The Premier League (and their legal strong-arming outfit Football DataCo) have plenty of previous for shakedowns with a flimsy legal basis. First it was fixtures, over which they claimed copyright and demanded extortionate licensing fees (see example: http://www.bsad.org/0506/repor...). This claim was ruled invalid when tested in court, where in a rare outbreak of common sense it was ruled that fixtures have insufficient creative input to be copyrightable.
The main reason they're going after goal clips so much is that they sell rights to such clips to the Murdoch media. Rupert is using it as one of the carrots to drive subscriptions to his paywalled titles The Sun and The Times. In ostrich-like behaviour the music industry would be proud of, the likes of Vine and 101greatgoals.com are viewed as the enemy, when many brands would kill to get their branding spread so widely in that fashion. Sometimes their aggressive approach to takedowns is at odds with the football clubs themselves. A friend of mine uploaded a clip of goal celebrations from a match he was at to Youtube. The club in question evidently liked it, since they linked to it from their official social media accounts. That, it seems, brought it to the attention of Football DataCo and prompted a copyright claim. His Youtube account was summarily suspended with no appeal, and has never been recovered. This, for a cameraphone clip consisting mostly of crowd scenes.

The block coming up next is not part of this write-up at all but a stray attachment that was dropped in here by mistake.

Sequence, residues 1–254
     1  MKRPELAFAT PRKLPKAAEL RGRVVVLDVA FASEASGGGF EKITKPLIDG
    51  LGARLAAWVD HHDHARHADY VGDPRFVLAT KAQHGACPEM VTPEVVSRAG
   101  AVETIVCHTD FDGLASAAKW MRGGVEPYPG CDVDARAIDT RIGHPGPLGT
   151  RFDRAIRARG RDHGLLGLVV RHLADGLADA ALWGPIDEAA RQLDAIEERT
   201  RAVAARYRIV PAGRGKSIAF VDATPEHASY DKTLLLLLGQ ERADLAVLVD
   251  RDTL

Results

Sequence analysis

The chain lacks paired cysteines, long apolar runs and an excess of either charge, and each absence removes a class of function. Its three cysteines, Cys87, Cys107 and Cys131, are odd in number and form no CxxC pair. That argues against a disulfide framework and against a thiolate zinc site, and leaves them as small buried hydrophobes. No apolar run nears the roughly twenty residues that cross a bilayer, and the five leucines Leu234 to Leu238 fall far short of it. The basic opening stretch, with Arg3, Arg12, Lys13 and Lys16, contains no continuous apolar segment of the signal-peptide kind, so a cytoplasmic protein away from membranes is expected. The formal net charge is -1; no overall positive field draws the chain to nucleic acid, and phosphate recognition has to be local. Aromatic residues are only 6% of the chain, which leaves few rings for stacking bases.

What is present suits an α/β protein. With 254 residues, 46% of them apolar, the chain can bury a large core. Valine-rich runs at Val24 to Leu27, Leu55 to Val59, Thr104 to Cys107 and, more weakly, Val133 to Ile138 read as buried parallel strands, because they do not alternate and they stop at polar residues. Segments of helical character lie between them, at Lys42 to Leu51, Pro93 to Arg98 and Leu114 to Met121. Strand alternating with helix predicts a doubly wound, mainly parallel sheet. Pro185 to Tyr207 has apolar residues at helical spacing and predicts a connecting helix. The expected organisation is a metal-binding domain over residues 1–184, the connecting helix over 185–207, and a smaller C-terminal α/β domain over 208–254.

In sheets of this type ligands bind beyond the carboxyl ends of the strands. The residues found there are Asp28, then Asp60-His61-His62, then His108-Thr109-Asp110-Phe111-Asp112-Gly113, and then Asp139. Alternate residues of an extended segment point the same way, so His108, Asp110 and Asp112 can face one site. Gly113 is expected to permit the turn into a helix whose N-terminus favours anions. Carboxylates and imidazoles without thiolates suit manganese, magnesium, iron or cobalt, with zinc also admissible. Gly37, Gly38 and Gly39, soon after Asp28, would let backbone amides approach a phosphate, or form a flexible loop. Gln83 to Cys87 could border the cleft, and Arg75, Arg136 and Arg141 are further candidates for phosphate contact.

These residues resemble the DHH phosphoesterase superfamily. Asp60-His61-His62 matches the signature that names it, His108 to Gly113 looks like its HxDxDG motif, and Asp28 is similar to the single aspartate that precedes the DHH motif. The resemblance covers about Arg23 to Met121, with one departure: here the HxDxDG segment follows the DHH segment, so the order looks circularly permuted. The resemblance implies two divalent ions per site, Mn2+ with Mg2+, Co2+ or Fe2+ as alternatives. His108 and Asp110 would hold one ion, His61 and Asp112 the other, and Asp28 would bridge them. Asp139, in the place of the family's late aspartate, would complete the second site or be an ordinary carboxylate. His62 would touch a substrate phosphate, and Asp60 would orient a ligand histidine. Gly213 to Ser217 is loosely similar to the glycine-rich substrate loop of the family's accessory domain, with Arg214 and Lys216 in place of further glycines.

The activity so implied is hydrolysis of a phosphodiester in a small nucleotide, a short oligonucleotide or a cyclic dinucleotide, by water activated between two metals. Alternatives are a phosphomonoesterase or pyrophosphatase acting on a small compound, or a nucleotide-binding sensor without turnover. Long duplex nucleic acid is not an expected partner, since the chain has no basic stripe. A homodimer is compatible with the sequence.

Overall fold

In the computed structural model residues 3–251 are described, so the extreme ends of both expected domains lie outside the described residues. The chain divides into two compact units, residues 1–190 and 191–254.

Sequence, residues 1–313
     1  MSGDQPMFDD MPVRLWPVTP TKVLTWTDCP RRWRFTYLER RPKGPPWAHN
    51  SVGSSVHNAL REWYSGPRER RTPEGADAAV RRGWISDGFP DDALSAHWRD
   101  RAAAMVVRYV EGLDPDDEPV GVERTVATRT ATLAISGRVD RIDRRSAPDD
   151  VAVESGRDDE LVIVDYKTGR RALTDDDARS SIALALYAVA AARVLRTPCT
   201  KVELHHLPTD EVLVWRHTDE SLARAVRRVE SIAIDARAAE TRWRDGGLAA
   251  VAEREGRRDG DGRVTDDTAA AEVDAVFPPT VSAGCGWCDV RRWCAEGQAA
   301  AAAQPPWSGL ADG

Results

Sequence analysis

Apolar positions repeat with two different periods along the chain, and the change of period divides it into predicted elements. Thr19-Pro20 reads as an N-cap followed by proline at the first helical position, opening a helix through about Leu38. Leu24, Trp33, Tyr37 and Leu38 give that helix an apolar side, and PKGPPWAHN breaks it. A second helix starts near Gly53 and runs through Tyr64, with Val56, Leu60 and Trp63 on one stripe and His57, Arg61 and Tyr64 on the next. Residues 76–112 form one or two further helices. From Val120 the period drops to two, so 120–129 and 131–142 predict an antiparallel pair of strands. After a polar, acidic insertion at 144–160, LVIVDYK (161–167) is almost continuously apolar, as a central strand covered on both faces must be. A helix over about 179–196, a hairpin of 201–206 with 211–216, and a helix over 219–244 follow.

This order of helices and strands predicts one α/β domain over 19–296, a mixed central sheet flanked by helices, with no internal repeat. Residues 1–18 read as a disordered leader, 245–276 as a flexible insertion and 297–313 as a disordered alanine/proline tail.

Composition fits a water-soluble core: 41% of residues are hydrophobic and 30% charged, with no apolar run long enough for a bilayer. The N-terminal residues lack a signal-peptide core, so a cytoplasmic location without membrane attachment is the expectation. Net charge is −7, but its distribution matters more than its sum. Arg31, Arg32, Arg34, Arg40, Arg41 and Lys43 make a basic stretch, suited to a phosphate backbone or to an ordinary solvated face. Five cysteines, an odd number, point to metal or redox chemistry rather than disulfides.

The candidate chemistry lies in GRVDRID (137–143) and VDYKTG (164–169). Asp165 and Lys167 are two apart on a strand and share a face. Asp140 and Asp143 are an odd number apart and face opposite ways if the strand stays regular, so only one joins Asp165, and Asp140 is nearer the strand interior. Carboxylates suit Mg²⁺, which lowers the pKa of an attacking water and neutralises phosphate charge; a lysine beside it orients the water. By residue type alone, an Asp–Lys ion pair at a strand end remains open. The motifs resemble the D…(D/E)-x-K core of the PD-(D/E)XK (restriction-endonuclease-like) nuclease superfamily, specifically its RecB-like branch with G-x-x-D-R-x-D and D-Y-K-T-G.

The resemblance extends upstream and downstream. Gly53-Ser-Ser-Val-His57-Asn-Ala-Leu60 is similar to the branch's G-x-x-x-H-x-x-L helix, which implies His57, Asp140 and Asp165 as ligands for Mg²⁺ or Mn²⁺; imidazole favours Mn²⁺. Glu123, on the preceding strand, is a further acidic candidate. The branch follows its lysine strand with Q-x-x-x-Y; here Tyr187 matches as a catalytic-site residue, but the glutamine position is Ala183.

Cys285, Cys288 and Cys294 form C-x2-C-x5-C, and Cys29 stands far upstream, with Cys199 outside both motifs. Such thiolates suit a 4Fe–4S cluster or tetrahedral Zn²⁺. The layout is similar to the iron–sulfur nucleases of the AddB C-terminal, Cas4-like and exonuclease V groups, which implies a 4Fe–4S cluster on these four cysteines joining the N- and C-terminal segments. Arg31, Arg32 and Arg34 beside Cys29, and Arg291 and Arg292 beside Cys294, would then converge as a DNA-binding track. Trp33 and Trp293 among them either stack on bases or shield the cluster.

Then there is the ongoing legal battles over pubs showing games "illicitly". In a manner analogous to the TV blackouts in the US, no match starting at 3pm on Saturday (the traditional time from the pre-TV era) is allowed to be broadcast on UK TV. Since channels covering half the rest of the globe broadcast these matches, some enterprising publicans buy foreign satellite systems, and show the matches to their clientele. The legal situation for this is murky. Purchase of systems from the rest of EU is perfectly legal. The PL cannot claim copyright over the action itself, since it is not its intellectual creation. It instead pursues copyright claims on the grounds of the surrounding branding. (http://www.bbc.co.uk/news/business-17150054) The legal battles will continue, but as with the music industry, the ordinary fan lacks the financial clout to fight a legal battle, no matter how strong the case for the defence may be.